The sample for this study comprised study participants from the Cardiovascular Stream of the Hazelwood Health Study, who additionally agreed to complete a dietary survey. Recruited between October 2017 and May 2018, Cardiovascular Stream participants were drawn from a weighted random sample of 1133 people who had previously completed the Hazelwood Health Study Adult Survey [10], lived in the rural Victorian towns of Morwell or Sale, and were males aged 55–89 years or females 60–89 years (Figure 1). Those who identified any underlying cardiovascular condition on the Adult Survey were oversampled. Years of education was captured as the highest educational qualification and classified as up to year 10, upper secondary (to year 11–12), trade certifications, or university/tertiary education. Residential area-related socioeconomic status was determined through the linkage of participant residential postcode with the Index of Relative Socioeconomic Advantage and Disadvantage (IRSAD) [11].

2.2. Measures

2.2.1. Cardiometabolic Risk Factors

Participants attended a clinic during which a number of health assessments were made. Anthropometric measures included height and weight, from which body mass index (BMI) was calculated. Hip and waist circumference were also measured. Height (to nearest 0.1 cm) was measured using a wall-mounted stadiometer, waist circumference (to nearest 0.1 cm) was measured at the midpoint of the last palpable rib and top of the hip bone, and hip circumference (to nearest 0.1 cm) was taken as the point of maximum circumference around the buttocks. Weight was measured on calibrated standing scales to the nearest 0.1 kg. World Health Organization criteria were used to categorise BMI into overweight (BMI from ≥25 to <30 kg/m2) and obesity (BMI ≥30 kg/m2) [12]. Other cardiometabolic risk factors assessed were blood pressure, heart rate, plasma cholesterol, haemoglobinA1c, and creatinine, from which the estimated glomerular filtration rate (eGFR) was calculated as a marker of renal function. Blood pressure (mmHg) was measured in a seated position three times using a digital automatic blood pressure monitor (Omron, Matsusaka, Japan) with a one-minute rest between readings. The average of the last two measurements was used in the analysis. A non-fasting blood sample was taken for measurement of plasma cholesterol and haemoglobinA1c (HbA1c). eGFR was calculated using the Chronic Kidney Disease Epidemiology Collaboration (CKD-EPI) formula, which used age, gender, and blood creatinine to estimate renal function (expressed in mL/min/1.73 m2) [13]. The self-reported behavioural risk factors collected were smoking status, history of diabetes and cardiovascular disease and physical activity. The presence of diabetes was determined by self-reported doctor diagnosis, use of diabetes medications or HbA1c ≥ 6.5%. History of cardiovascular disease was self-reported doctor diagnosis. Smoking status was determined by self-reported smoking of at least 100 cigarettes, or a similar amount of tobacco, in a participant’s lifetime, and reporting of current or former smoking. Self-reported physical activity was assessed using the validated Active Australia survey, an eight-item questionnaire that captured information on time spent undertaking walking, household physical activity, vigorous physical activity, and moderate physical activity in the past week [14]. Participants were considered to have engaged in ‘adequate physical activity’ if they reported having undertaken any vigorous physical activity or at least 150 min of moderate physical activity over the previous seven days.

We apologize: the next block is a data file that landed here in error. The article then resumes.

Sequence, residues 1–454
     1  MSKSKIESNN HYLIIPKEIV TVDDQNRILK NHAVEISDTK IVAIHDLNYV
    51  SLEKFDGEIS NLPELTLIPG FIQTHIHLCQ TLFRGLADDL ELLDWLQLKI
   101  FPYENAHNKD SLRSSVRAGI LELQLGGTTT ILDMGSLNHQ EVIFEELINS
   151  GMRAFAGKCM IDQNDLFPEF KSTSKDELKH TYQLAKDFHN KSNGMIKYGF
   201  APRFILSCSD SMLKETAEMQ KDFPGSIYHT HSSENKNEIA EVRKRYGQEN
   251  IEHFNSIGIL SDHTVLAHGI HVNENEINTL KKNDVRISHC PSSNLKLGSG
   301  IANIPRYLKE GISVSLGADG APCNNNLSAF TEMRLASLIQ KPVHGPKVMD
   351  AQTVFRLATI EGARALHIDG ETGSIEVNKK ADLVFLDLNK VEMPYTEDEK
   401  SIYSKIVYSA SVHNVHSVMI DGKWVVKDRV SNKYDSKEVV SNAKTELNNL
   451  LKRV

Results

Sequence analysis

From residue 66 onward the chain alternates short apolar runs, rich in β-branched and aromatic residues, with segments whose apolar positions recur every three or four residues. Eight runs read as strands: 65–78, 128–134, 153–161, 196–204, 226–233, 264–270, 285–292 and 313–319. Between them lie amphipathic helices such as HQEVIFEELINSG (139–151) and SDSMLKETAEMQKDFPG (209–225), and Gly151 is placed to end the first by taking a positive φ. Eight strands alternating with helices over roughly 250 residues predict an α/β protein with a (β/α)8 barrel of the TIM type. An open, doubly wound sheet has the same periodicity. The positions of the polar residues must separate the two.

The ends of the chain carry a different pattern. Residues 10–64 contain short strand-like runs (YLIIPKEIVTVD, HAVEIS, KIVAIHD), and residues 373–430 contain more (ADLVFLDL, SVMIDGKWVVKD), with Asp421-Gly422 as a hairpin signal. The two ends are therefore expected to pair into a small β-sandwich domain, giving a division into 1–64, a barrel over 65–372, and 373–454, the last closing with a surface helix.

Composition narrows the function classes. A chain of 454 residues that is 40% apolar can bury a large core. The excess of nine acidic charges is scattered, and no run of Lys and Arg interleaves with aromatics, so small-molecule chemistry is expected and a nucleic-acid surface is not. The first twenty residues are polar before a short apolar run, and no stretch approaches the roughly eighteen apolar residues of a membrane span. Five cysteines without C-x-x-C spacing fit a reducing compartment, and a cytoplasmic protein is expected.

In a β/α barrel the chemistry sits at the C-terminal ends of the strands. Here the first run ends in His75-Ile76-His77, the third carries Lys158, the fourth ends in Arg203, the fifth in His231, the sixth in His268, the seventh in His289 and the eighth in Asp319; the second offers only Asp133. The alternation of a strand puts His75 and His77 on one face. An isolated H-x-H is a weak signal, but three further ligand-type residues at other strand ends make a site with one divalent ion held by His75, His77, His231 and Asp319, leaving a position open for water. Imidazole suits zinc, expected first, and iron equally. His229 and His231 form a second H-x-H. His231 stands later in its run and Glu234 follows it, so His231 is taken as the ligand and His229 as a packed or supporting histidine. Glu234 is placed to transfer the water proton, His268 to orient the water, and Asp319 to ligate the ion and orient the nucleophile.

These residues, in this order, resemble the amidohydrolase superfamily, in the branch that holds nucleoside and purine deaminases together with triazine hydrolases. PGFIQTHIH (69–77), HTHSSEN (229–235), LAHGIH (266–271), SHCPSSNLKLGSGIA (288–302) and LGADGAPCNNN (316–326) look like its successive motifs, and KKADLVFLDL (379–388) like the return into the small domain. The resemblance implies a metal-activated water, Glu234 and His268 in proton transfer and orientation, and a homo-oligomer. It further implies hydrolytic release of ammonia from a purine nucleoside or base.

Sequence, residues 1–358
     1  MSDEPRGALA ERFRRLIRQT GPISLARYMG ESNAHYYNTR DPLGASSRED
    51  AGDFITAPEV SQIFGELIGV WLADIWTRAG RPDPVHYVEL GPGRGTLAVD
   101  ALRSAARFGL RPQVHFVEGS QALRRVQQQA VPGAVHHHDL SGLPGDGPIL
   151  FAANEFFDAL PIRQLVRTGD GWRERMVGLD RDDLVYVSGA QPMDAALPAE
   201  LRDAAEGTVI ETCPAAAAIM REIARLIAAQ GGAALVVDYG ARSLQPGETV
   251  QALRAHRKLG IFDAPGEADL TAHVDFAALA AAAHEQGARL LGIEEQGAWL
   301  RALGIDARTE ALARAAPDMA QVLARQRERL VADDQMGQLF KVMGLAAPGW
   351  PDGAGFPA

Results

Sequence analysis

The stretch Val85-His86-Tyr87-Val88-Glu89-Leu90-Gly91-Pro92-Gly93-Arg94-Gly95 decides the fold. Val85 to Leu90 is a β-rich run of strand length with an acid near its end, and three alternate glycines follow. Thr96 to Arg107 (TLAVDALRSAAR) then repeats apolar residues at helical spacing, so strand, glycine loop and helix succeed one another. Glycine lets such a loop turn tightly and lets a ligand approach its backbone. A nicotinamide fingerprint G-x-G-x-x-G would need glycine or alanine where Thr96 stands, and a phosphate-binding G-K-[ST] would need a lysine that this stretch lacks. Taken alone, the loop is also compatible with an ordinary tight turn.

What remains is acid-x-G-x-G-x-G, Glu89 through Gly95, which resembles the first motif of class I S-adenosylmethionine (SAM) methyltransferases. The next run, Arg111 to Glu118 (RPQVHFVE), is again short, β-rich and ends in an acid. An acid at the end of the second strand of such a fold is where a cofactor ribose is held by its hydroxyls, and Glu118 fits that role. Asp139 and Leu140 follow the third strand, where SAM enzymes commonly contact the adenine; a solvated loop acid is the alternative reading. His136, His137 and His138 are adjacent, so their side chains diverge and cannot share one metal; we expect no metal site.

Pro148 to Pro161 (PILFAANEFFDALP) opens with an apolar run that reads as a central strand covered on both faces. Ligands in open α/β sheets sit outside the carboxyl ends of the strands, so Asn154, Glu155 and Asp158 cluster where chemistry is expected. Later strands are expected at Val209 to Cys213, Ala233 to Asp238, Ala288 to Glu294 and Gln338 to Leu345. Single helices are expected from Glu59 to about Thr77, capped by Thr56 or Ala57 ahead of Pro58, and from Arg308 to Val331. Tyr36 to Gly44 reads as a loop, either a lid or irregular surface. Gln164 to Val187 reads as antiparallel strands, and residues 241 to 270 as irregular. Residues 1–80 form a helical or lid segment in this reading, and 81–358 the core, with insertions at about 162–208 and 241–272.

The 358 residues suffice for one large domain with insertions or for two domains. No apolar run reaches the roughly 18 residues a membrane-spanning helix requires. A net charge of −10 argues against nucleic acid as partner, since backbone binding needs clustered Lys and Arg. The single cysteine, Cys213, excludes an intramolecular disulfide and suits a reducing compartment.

2.2.2. Dietary Intake Assessment

The Australian Eating Survey Food Frequency Questionnaire (AES FFQ), a 120 item semi-quantitative FFQ previously validated in community-dwelling adults aged 30–70 years [9], was used to assess dietary intake. The dietary assessment was a voluntary component of clinic visits, and in some cases, completion was not undertaken due time constraints or participant preference. Nutrient intakes were computed against the AusNut Database [15]. The Australian Recommended Food Score (ARFS), a diet quality index that captures the dietary quality of key food groups, was calculated from the AES FFQ, as previously described [9]. The ARFS is computed as a total score, as well as subscales relating to intakes of vegetables, fruit, meat, non-meat protein, grains (breads and cereals), dairy, water, and spreads/sauces. Reported food items within the food sub-groups were awarded points for frequency of consumption based upon Australian national dietary guidelines, and the ARFS scores were calculated by summing the points for each item, as previously described [9]. To determine proportions with inadequate intakes of key macro- and micronutrients, estimated intakes were compared to age- and sex-specific estimated average requirements (EAR) or, in the case of sodium and potassium, suggested dietary target (SDT) and adequate intake (AI), respectively [16].

2.3. Statistical Analysis